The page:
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Effects of heating soybeans on postruminal amino acid bioavailability, performance, and ruminal fermentation in lactating cows

Petzel, E., S. Acharya, E. Titgemeyer, E. Bailey and D. Brake

Soybeans can provide ruminally degradable protein, lipid, and metabolizable amino acid (AA) to lactating dairy cows; however, soy-based trypsin inhibitors can limit protein digestion in nonruminants. Eight ruminally cannulated lactating Holstein cows were used to evaluate the impacts of soy-based trypsin inhibitors on nutrient disappearance, lactation, and plasma AA bioavailability. Treatments were abomasal infusion of 0 or 400 g/d casein or a crystalline AA analog of casein with unroasted or roasted soybeans fed at 10% dry matter (DM). Data were analyzed using the MIXED procedure of SAS. Measures of digestion were determined from fecal output determined with acid detergent insoluble ash and urine output determined from measures of urine creatinine. Neither soybean processing (P ≥ 0.20) nor the source of abomasal infusion (P ≥ 0.60) impacted nutrient digestibility. Ruminal ammonia, isobutyrate, and isovalerate were increased (P ≤ 0.01) among cattle consuming unroasted soybeans. Source of infusion did not affect (P ≥ 0.38) ruminal volatile fatty acids or nitrogen metabolism. Ruminal N metabolism was largely unaffected by soybean processing although microbial N efficiency was greater (P < 0.01) among cows fed unroasted soybeans. DM intake and energy-corrected milk were greater (P < 0.01) in cows fed roasted compared to unroasted soybeans. The proportion of fat, protein, lactose, and solids not fat (SNF) in milk did not differ between soybean processing or postruminal AA source, but fat, protein, lactose, and SNF yield was greater (P ≤ 0.01) when cows were fed roasted soybeans because milk yields were greater when cows were fed roasted vs. unroasted soybeans. As expected, infusion of casein or its crystalline AA analog increased plasma essential AA and milk urea nitrogen concentration. The rate of increase in essential AA concentration in plasma was 2.9× greater for casein than for crystalline AA.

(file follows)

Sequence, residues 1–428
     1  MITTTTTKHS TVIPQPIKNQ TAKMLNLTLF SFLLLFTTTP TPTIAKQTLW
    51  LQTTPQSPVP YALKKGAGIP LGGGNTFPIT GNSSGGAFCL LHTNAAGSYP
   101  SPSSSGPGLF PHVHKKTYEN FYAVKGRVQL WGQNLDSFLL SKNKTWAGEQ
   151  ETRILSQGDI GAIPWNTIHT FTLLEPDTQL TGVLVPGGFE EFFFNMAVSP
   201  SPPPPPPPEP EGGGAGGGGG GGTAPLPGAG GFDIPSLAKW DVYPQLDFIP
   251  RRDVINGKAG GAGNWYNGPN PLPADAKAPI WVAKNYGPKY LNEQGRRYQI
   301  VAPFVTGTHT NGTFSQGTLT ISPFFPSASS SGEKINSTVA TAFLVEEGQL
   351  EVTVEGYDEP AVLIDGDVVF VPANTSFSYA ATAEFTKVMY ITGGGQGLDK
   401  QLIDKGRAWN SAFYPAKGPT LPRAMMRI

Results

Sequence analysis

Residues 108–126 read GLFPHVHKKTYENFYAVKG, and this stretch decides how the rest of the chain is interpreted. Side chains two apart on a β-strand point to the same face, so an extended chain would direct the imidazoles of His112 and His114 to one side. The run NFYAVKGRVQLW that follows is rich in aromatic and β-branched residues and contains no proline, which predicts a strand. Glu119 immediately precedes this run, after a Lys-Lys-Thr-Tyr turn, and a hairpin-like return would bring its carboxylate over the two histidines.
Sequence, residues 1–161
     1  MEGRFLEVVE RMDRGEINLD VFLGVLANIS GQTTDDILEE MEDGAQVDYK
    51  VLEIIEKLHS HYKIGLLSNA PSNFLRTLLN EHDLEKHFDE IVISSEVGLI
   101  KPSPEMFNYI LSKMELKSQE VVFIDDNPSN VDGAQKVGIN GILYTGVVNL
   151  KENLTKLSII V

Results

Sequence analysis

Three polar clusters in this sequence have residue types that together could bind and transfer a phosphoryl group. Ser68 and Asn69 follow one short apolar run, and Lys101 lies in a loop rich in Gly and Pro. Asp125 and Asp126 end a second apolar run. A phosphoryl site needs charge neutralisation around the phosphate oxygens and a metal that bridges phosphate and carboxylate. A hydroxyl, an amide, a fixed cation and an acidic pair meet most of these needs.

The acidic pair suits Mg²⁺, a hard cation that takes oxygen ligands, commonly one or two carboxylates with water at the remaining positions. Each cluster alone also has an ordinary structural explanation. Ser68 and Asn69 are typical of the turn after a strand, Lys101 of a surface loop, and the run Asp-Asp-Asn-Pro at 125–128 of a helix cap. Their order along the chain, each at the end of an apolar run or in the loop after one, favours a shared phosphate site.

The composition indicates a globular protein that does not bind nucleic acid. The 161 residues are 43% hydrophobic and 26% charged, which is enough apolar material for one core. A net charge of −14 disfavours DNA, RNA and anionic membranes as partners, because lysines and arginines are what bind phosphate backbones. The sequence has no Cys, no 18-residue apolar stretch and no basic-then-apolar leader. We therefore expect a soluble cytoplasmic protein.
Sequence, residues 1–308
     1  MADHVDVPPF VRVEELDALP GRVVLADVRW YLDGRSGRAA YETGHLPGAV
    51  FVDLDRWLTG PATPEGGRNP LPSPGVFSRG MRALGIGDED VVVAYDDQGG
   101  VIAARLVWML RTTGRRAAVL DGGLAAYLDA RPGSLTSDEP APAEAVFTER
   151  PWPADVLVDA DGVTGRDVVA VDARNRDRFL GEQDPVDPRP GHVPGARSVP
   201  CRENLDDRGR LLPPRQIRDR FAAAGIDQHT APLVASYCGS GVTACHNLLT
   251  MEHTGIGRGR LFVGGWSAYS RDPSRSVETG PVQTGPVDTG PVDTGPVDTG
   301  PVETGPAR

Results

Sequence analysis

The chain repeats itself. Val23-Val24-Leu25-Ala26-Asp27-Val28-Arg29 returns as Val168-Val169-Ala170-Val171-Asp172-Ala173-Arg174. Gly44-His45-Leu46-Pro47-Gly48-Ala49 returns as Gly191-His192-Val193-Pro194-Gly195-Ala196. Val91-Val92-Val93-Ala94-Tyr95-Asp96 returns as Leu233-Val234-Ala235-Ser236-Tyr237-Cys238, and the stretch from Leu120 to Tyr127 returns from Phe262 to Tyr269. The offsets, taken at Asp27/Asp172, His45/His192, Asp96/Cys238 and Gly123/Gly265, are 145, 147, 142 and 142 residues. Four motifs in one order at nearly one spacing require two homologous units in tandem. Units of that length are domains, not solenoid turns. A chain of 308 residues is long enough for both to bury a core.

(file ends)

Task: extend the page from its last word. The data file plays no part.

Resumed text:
These data seem to indicate that soy-based trypsin inhibitors have no impacts on postruminal AA bioavailability when fed to cows and that metabolizable protein from casein is greater than from crystalline AA.